15 Things We Only Do at Airports

Alice from Teacaketravels made a post about an article from UK edition of Glamour titled 15 things we only do at airports. She posted her comments in a post 11 ways women magazines make you travel like an idiot. I’d like to comment both on the article (using the article photo she provided) and on her comments to it.

Photo taken by Alice.
Photo taken by Alice. Click to read her post.

Glamour: 15 things we only do at airports.

Actually, it’s not true we only do them at airports. Read further. 😉


Actually, I don’t think it’s the magazines fault. People can think and nobody working in the magazines is forcing anybody to do so. If there was a magazine staff forcing somebody with a gun, we’d have heard about it already.

I think the whole point of this article is to absolve the ladies. It’s “ok, we know it’s stupid, but don’t worry, everybody does that, it’s not your fault. Now you should feel better.”.

A: If you do most of these things I’ll slap you round the face with a fish out of my handbag.

Why? It’s got nothing to do with you. Why do you care how somebody travels like? It’s not funny even as a joke. Or perhaps you shouldn’t be travelling since you can’t cope even with that?

A: 1) You cannot make any of these money-wasting, life-sucking mistakes and 2) Instead be a totally amazing, kickass, savvy lady traveller who knows how to travel like a pro.

1) Everybody can. You cannot force others to not do it.

2) Sorry, but some people don’t care/don’t want to travel like a pro. It’s their own choice. They can make all the mistakes they want. It’s their travel and their money.That doesn’t mean I agree with them, but unless it hurts somebody else (and it doesn’t) let them be.

G: 1. Spend 120 pounds at Duty Free (…) saving of 7.59 pounds.

I wouldn’t spend that money. I’m looking at every penny I spend at the airport – it’s less money to spend in my destination. Plus, if you travel a lot, it’s additional weight during the trip. Well, if you’re coming back, and you have leftover money, do what you want. 😉

It’s not only in the airports, it happens also during sales. There are enough of articles about that already, no need to write more.

G: Pick up so many beach reads that you have to buy a new bag to carry them in. Then leave the bag and books at the toilet.

A: What the hell?!  Backpackers who seriously read either use an e-reader or carry one book at a time, buying them second hand in local stores or swapping with fellow travellers.

I’m a bookworm, I could totally understand buying new books. I think the biggest problem in here is not buying the books, but losing them in the toilet. 😉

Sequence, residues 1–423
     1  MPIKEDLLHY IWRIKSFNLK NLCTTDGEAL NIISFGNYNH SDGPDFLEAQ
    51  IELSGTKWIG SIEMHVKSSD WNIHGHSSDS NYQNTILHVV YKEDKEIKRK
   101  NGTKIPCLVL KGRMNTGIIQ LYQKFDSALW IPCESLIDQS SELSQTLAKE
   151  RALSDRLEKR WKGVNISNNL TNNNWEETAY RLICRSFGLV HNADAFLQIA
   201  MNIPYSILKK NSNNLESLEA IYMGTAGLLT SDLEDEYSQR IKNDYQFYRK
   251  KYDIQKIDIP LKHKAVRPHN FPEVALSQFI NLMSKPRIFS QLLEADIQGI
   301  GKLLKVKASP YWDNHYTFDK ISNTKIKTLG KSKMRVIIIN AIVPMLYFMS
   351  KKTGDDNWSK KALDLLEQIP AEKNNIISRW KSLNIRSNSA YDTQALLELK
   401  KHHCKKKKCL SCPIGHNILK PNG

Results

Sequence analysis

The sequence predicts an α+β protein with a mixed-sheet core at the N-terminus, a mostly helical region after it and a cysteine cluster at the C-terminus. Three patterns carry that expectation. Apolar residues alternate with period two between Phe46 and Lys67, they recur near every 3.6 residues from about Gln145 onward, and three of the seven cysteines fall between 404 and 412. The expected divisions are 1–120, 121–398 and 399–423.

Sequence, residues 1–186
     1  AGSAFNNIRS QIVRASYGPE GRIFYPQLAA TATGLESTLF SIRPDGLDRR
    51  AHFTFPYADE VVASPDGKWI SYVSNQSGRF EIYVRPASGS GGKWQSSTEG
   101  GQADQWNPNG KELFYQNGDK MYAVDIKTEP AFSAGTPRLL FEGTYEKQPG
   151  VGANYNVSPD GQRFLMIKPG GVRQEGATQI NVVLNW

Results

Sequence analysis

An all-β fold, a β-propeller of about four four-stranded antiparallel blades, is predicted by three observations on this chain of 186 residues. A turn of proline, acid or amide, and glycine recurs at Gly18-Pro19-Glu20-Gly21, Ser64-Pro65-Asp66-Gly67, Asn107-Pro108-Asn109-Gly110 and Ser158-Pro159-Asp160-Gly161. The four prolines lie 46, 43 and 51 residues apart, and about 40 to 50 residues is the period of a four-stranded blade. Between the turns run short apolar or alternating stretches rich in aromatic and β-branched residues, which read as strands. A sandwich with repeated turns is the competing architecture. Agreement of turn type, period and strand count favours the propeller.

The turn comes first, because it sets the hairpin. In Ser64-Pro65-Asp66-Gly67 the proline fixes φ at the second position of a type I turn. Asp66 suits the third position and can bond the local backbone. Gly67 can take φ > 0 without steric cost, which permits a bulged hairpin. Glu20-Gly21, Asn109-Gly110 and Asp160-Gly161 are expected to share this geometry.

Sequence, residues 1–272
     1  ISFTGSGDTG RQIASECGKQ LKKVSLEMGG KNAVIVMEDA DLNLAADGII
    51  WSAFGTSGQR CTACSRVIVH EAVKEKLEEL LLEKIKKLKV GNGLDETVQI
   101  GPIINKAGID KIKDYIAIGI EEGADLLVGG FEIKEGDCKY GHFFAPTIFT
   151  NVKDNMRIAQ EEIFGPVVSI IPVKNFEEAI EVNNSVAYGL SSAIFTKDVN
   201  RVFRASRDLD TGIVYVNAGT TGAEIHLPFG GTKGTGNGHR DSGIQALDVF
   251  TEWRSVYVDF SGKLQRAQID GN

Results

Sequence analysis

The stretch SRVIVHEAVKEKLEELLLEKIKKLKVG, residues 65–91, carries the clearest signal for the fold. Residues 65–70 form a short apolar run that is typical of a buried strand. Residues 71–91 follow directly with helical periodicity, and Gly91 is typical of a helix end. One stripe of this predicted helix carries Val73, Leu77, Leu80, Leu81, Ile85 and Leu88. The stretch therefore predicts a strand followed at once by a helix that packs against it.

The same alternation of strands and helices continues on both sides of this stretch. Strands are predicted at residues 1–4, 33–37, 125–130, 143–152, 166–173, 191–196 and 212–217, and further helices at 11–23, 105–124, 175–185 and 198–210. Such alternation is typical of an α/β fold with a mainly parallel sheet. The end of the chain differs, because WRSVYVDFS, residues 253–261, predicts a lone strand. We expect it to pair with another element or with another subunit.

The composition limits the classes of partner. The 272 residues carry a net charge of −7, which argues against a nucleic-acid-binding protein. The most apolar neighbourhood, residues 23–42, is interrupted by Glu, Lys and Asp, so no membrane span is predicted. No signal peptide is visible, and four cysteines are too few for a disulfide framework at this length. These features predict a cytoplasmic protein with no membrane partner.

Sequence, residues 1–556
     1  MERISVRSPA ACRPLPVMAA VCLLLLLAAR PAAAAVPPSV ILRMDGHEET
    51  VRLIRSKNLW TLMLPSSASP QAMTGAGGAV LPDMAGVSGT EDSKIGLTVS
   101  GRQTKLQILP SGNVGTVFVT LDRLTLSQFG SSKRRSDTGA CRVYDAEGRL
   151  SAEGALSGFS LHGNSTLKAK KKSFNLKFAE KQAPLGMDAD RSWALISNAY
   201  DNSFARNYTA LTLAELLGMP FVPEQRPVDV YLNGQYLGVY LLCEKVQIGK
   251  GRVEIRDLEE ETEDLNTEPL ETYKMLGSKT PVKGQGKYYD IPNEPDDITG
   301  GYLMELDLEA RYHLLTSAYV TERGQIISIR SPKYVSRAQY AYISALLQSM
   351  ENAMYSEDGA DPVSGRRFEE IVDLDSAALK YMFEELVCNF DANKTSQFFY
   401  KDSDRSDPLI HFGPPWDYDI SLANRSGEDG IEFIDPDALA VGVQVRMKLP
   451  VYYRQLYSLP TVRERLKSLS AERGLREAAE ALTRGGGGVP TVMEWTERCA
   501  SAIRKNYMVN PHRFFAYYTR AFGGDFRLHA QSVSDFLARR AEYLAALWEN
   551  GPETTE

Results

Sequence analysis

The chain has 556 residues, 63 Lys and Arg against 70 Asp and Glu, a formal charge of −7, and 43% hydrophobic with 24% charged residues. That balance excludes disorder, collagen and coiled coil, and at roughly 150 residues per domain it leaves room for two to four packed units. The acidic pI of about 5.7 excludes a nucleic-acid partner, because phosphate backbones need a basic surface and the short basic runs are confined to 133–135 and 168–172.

Nobody said that those ladies are backpackers. Unlikely. I don’t use e-reader, I might have a one book at a time tho in my backpack. So far I have never bought a book in a second hand local shop. Always used bookshop or cheap bookshops. Those are better than pricey tourist-oriented shops. English language books aren’t easily available everywhere. I don’t care about ‘fellow travellers’ so I do not swap books with them either.

G: Have a pint at 8am with a full English breakfast.

A: OK Glamour magazine, I might just have to give you this one.  I’m British.  I get it.  A pint and a full English breakfast is solid gold to us.  If you’re off on your travels and not coming back for some time, you might just want to go out with a bang and eat some seriously good traditional grub because Asians have no idea what an English breakfast is.

I’m not British and I don’t get it (well, eating it would send my flying to the toilet). I don’t eat Polish breakfast at the airport. I find it wasting money. This comes from a person who has to eat often because of health issues. Doesn’t matter if you go for a week, a month or a year – you really don’t have to eat overpriced your-country’s-food at the airport. If you need to eat something, for example while in transit, choose a food that you even look at back home. It’s travel for Gods sake and you should try to be more open about things.

G: Study the two-page language section in a guidebook (…) imagining you will learn the entire language.

A (sites to learn languages).

First of all, I can’t imagine any person with average IQ would have thoughts like Glamour claims. Second, depending on a person and travel the language section in a guidebook could be enough. No need to study on internet courses.

G: Develop an irrational hatred of all parents, small children, large groups and stag dos

A: You need a calm, flexible and open-minded personality for this so if small children are getting on your nerves before you’ve even left the airport, turn right around and go back home.